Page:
I'm not one for dating advice books because it often feels like one gender is blamed and must bend and conform to the whims and ways of another gender in order for a relationship to be built. I've had it with men who make a living from telling women how to be less of a nag and more mysterious, vague ambiguities that sprout from that "Cool Girl" archetype that's been hammered into our minds indicating that it's what men want. I care about men, don't get me wrong. But my sole existence in life has never been to add and subtract aspects of my being to better accommodate them.
My sole existence in life has never been to subtract aspects of my being to better accommodate men.
Suffice to say, dating advice books have never been IT to me. I usually find the most success in the quality of my relationships by working on myself first. I think that's why Don Miguel Ruiz's contribution to the relationship conversation through his book, Mastery of Love, spoke to me so much. Above all, his lesson remained one that was fundamental and that is:
You must find love and happiness in yourself and share that abundance with the other half of the relationship.
Be it your mother, father, sister, brother, cousin, friend, or lover. All relationships benefit from working on yourself, loving yourself, and being happy with you above all else. We are the sum of what has happened to us and that's why fear predominates in most people.
That fear trickles down into your feelings of self-worth and self-esteem, and affects the quality of who you attract in your life as well as the qualities of those independent relationships.
I have been in a funk for the past few months and even though these amazing things have been happening in my life, I was experiencing a lot of unhappiness and that affected how I felt about my relationship overall. I realized that I had a tendency to blame my partner for why I was unhappy, and that it was a recurring pattern in all of my adult relationships. Some were rightfully so, others, not so much. I'm notoriously a runner, afraid for the other shoe to drop, afraid of being hurt, afraid of settling, of not being happy, of giving myself over to someone and having that not be returned or reciprocated – a lot of which came from seeing my parents' deteriorating relationship over the years.
Owning up to my past pain and emotional baggage that I did not realize I had been carrying was the first step to me becoming aware of the space in me I was trying to fill with external distractions. I felt I had been asleep for a long time, believing that love was simply saying, but not realizing the part that I played in relationships requiring my love. I owed it to myself to not ignore memories, but instead embrace them and acknowledge my past hurts as a part of my life journey. It didn't necessarily define me, but it happened to me and it was time for me to be honest with myself about them in order to stop punishing the people around me for things others who came and went had done.
After that came knowing and accepting what made love and fear different from one another.
Love is free of obligations, fear is full of them. Love does not expect. Fear does. Love respects. Fear respects no one, not even themselves. Love doesn't feel sorry for others, but it knows compassion. Fear pities, fear feels sorry for everyone. Love has full responsibility. Fear avoids it. Love is kind, fear is not. Love is generous. Fear is selfish. Fear comes with conditions, while when in love, there are no conditions or reasons at all.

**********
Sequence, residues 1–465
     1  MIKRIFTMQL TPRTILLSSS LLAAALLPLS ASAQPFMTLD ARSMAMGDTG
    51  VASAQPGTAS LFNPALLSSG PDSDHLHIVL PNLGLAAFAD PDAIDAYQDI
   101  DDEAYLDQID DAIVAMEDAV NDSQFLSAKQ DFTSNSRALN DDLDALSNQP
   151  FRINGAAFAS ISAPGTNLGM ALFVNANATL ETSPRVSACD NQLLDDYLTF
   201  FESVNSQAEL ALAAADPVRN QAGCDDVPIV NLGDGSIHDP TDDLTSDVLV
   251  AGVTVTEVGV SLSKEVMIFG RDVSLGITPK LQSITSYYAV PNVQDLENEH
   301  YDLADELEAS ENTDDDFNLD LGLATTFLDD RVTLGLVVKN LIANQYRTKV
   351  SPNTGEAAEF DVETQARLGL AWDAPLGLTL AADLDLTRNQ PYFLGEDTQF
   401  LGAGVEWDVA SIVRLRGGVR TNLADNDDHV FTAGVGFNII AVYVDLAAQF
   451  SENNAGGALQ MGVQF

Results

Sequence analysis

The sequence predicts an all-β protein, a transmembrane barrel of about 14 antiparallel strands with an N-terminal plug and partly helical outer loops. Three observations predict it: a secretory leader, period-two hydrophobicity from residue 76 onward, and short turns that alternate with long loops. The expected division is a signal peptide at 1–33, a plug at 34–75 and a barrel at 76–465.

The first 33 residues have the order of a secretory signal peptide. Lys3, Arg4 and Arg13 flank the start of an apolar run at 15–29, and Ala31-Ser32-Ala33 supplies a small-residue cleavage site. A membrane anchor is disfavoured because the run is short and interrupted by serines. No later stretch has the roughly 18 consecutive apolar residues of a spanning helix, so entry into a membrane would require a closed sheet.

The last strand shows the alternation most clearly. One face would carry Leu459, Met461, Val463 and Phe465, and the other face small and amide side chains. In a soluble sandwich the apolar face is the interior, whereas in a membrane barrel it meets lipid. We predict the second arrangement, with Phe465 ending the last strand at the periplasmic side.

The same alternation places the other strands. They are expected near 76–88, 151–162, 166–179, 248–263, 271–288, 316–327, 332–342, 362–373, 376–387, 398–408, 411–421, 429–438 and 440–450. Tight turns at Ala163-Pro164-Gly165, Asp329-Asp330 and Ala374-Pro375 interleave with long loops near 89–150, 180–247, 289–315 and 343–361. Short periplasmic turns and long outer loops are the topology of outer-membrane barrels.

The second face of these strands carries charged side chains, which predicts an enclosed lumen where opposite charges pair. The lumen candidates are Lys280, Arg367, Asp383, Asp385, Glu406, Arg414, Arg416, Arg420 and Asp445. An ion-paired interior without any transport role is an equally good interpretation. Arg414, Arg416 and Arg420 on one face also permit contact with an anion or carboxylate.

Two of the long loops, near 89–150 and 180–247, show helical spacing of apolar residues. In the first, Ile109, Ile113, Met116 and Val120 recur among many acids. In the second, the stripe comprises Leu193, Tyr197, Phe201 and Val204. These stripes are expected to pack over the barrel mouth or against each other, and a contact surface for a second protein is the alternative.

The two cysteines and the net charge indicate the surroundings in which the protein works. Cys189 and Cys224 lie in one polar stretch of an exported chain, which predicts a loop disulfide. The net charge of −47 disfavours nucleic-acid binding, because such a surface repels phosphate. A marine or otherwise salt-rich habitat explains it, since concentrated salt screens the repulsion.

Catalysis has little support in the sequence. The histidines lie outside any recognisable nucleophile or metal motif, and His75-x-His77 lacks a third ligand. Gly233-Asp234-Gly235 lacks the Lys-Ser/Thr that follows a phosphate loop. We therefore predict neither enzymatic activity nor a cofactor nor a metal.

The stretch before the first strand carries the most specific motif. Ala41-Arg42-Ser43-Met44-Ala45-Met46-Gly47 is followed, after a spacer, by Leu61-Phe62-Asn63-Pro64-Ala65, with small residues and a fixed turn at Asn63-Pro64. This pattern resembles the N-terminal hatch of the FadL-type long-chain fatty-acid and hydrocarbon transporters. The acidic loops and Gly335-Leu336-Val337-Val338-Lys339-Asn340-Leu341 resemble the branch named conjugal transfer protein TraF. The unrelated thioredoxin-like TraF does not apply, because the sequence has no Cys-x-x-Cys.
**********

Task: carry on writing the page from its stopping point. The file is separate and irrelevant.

The list could go on for an eternity, encompassing the polar opposites that are fear and love.
It was the beginning of turning over a new leaf for my relationship with my partner, but also myself, and it began with the self. I realized how little I combated my partner over every little thing, how willing I was to let go of control, how acceptance allowed me to let him be who he was, and how much happier he and I were with the quality of our relationship once the demands stopped because I went back to making myself happy again. The book Mastery of Love reminded me that the key to happiness had everything to do with me, and once I remembered me, my relationship began to flourish like the flower it is.
And in case I needed further confirmation from the universe that my lessons were aligned with what I want down the road for myself, actor Will Smith spoke of his 17-year marriage to actress Jada Pinkett Smith at a panel discussion back in 2012:
"When I think about my relationship with Jada, when it comes to love, as soon as you put yourself in a love relationship, you've got to check your insecurities. When you love somebody, and you feel yourself slipping, you will fight, scratch, and claw, to not be in that uncomfortable space. You have traumas that happen with your mother and father, or an old girlfriend, or an old boyfriend, that you've got to address personally if you want to truly be able to love somebody. Our traumas keep us away from being able to truly love someone unconditionally....
"You have to be willing to collide with the weakest parts of yourself. You have to look at the things about you on a higher spiritual plane. You have to look at the things about you that are cowardly, that are angry or mean, resentful. You have to be able to look at those things about yourself that are not spiritually healthy parts. Love truly is when you change yourself for a better love with someone."
Will be knowin'.
What have you been reading lately to help you work on yourself?
Featured image by Sheriden Chanel/xoNecole